The first saddlers were William and Peter I. _torhies, John Lowder, and a Mr. Kirkpatrick.

The first cabinet workmen were Mathias Harfield and Purcell, the latter was also a carpenter, and did a considerable business, Mr. Vaught, who came to Columbia in 1809, was tutored by Mr. Purcell, and followed his side till the outbreak of the war, and was rendered unfit for work by age. It is claimed by him that he built more houses in and around Columbia than any other man in the county.

At an early period, 1814, there were two rope factories; one of these was owned by a man named McQuidley, and stood where Shepard's grocery store stands.

Mebley built a powder-mill at White's Spring, a place well suited by nature for the mill. The saltpeter was obtained at a place about twelve miles southwest of Columbia. The first mill was built by Mr. Henderson, and it stood where the jail now stands. This was a horse-mill, and was afterward changed into a cotton-gin. The first water-mill was built by Mr. Wallace, near where Sewell's mill now stands.

The first silversmith was a man named Cressy, who came to the place about 1814; he was followed by James Wilkins, in 1816, who reached the age of almost four score and ten years. Samuel Northen took up his residence in Columbia in 1820. Soon after him came two of his relatives, James and William R. Hedge. These men prospered in their business and became wealthy.

At this period nearly every man was his own shoe-maker, and frequently furnished hides to the numerous tan-yards, with which every neighborhood abounded; there were three of these near Columbia. One of these was owned by Joseph Hart, near what has since been called Noah's Ark, and another, further down, owned by Capt. M. Helm. The latter was run till a comparatively recent date; a third one was owned by John M. Smoot. The last named stood near White's Spring.

Alexander Laird has the honor of having been the first brick-mason, and Thomas Norton the first plasterer and painter.

It is suggested that many of the business men over lapped into more than ten year periods.

Business men, as late as 1820

William Berryhill
E. H. Chaffin
Edward W. Dale
David Gillespie
John Hodge
James Leftwick
Caleb Longley
John T. Moore
Patrick McGuire
R. A. Vail
James Walker

Between 1820 and 1830

Cooper & Hill
W. J. Dale
Adlai O. Harris
Joseph Herndon
Henry Langtry
Abram Looney
James R. Plummer
Samuel McDowell
Patrick McGuire
J. S. Walker
Evan Young

From 1830 to 1840

W. J. Dale
Frierson & Company
Henry Langtry
Looney & Sons
James R. Plummer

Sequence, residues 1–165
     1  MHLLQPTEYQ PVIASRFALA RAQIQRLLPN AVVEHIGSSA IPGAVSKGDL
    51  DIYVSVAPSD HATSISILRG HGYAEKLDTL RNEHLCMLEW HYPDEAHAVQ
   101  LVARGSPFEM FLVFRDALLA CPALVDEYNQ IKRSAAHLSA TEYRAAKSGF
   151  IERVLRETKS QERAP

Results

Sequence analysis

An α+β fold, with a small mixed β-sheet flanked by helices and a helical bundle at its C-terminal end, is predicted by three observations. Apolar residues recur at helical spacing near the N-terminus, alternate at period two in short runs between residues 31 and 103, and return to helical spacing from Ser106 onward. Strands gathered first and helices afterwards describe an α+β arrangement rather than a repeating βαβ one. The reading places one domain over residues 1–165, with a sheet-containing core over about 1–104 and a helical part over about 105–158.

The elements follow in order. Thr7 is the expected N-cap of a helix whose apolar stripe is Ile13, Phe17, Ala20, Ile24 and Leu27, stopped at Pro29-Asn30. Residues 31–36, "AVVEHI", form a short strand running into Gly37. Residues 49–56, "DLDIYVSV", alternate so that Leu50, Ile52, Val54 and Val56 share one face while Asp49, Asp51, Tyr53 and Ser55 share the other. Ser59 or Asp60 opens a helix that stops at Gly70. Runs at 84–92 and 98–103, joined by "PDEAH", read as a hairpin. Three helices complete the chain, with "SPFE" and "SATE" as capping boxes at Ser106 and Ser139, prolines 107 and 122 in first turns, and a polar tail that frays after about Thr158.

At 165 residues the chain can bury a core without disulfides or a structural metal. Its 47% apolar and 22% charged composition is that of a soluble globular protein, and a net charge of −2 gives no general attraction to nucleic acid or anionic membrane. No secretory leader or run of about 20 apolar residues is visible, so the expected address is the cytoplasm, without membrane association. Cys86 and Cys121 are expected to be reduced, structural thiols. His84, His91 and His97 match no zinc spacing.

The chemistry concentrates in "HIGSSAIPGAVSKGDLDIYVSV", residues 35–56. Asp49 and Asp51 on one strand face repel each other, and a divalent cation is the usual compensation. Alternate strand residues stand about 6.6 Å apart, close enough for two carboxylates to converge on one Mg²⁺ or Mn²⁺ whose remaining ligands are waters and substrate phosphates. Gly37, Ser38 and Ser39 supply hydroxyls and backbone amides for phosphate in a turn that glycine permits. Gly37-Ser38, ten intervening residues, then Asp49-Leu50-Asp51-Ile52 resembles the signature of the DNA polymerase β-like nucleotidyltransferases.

T. S. Walker
Evan Young

These were all general stores, the divisions into special lines not having yet been made. From a paper at hand it is learned that in 1834 Columbia contained 1,500 inhabitants, had 1 college, 1 academy, 4 common schools, 1 printing office, 3 churches, 3 divines, 13 lawyers, 5 doctors, 20 stores, 3 taverns, 2 groceries, 4 blacksmiths, 3 brick-layers, 8 carpenters, 4 cabinet-makers, 3 gunsmiths, 2 hatters, 2 painter-, 4 saddlers, 4 shoe-makers, 3 silversmiths, 4 tailors, 2 tanners, 2 tinners, 2 wagon-maker, 1 cotton-gin, 2 carding machines and 1 bank-Union Bank.

1840 to 1850 the leading business men were

W. J. Dale
John H. Ewin
Frierson & Company
J. W. Gamelin
J. B. Graves
A. O. Harris
Hayden & Fisher
Henry Langtry
J. & A. Morgan
Looney & Brothers
Porter & Partee
James H. Plummer
Evan Young

1850 and 1860

Between  there were:
James Akin
W. J. Dale
L. H. Duncan
Gardner Frierson
James M. Larkin
James R. Plummer
Smith & Davidson

Columbia Mini Gazetteer
Present Principal Business Men and Houses

Dry Goods Groceries Livery stables
Mayes & Frierson
McEwen & Dale
O. Cower
A. Gross
George Hedge
Most Hedge
E. W. Gamble (wholesale/retail)
Chaffin & Brothers
Niehlls & Nichols
Watt Embry
R. Holding
Hinds & Peters
Mayes, Dodson & Coperton
Moore & Prewett
J. P. McGaw
W. A. Ruttle & Company
Clothing Hardware Grain Dealers
Rosenthal & Brothers
L. Ottenross
Mayes & Frierson
Elam & Ewing
Street, Embry & Company
Andrews & McGregor
McLemore & Brothers
E. W. Gamble
R Holding & Cochran
Furnishing Goods Boots, Shoes, Hats Furniture
George Wilkes R. W. Walkins W J. Oakes
Drug Stores Millinery Stores Hotels
Rains & Son
Titcomb & Frierson
Joseph Towler
W. P. Baldridge
Mrs. Jones
Mrs. Ruttle
J. B. Munter
Bethell House
Guest House and
Nelson House
Jewelers Book Store Saw and Planing-mill
W. Abe Smith
J. H. James
S. Comstock R. C. Brown

 Maury County | AHGP Tennessee

Source: History of Tennessee, Goodspeed Publishing Company, 1886